Michael Pittman Jr. 128 overall. Verdict: Too Low
If you don’t think Carson Wentz is cooked, then someone on this Indianapolis Colts team is going to be fantasy relevant, and Pittman has the best chance. He’s less one dimensional than Parris Campbell (and much less injury-prone), while T.Y. Hilton looked washed for almost the entirety of 2020. I wouldn’t take Pittman much higher than this, but he’s worth a look in round nine or ten rather than round 11.
Antonio Brown, 133rd overall. Verdict: Too Low
Once Brown began to play in week nine, he was WR 23 in points per game from then on. That rank does include a huge week 17 that probably didn’t count for anything in actual fantasy and I often don’t include week 17, but in terms of projecting future production it still matters. Tom Brady seems to really love Brown despite all his flaws, and the talent of one of the most dominant fantasy WRs ever is still in there. To put him WR 50 when he has pretty huge upside is disrespectful. He may have a lot of competition for targets, but he’s still the Buccs third WR, and lots of other third WRs are being ranked ahead of him which is silly.
Henry Ruggs III, 156th overall. Verdict: Too Low
Ruggs provides a not insignificant amount of upside. He was bad last year, sure, but more often than not it takes a wide receiver a year or two to break out. Ruggs could do that and become the WR 1 on a not terrible Las Vegas Raiders team. That’s worth more than a 13th/14th round pick, and he’s got higher upside than a lot of the guys above him. For instance, there are almost no worlds where Mecole Hardman or T.Y Hilton finish in a fantasy relevant spot. Ruggs easily could.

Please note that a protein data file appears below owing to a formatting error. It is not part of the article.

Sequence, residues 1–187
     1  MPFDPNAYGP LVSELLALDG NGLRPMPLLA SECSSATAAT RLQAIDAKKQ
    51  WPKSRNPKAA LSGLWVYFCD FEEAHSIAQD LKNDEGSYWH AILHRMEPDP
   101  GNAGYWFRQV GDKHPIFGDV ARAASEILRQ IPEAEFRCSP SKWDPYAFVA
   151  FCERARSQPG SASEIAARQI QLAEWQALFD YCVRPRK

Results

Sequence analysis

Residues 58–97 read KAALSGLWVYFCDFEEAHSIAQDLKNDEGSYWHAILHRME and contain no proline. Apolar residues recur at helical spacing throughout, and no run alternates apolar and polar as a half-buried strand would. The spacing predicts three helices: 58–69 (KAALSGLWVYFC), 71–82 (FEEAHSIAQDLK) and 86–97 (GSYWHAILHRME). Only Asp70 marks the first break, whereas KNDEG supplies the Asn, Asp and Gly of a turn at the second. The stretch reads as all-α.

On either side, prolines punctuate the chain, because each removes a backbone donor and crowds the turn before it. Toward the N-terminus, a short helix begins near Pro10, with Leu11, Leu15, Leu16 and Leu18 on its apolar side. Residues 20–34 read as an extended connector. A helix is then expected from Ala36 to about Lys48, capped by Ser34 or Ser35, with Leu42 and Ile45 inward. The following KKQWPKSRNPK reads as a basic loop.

J.D. McKissic, 158th overall. Verdict Too Low
It’s really hard to be ranked too high as you get down in these parts, so it’s not surprising everyone is “too low” at this point. Anyways, McKissic is basically the new James White, who spent years being drafted between rounds 8-12. With or without Antonio Gibson, McKissic is going to catch a truckload of balls (he had 8+ targets in half his games including a 14 and 15 target game last year) and that makes him a worthy flex play as a bye week filler or possibly better. Getting a skill position player you’ll almost certainly play a decent amount in round 14 is fantastic.
- Russell Wilson (70) was QB 2 for the first half of the season before he collapsed in the second. He’s got best-QB-in-fantasy type potential, and getting that in the 7th round is pretty nice. If you can sell him before his expiration date next year, even better.
- I’m sure Aaron Rodgers (79) is only this low because of people wondering if he will play or not. Rodgers was QB 3 last year, so if you don’t mind taking the risk that’s a league winning play, and in round eight you can absorb a bust.
- If Trevor Lawrence is as pro-ready as everyone says he is, D.J. Chark Jr (92) has a great chance to be fantasy relevant. There’s a lot of numbers out there that suggest Chark was more of a victim of bad QB play then poor play of his own, so if the QB spot improves like it should, Chark should outperform his WR 34 draft status dramatically.
- Jerry Jeudy (104) is probably rated fairly considering his QB is still Drew Lock at this moment in time, but I really love Jeudy and his skillset. I truly believe he has WR 1 talent, he just doesn’t have the opportunity. If he gets that opportunity for whatever reason, watch out.
- Finally, Daniel Jones (130) has a ton of weapons on his team and also provides some value with his legs. He definitely has all the opportunity to be a fantasy relevant QB or at least a good streaming option and round 13 QB 19 is selling that potential a bit short.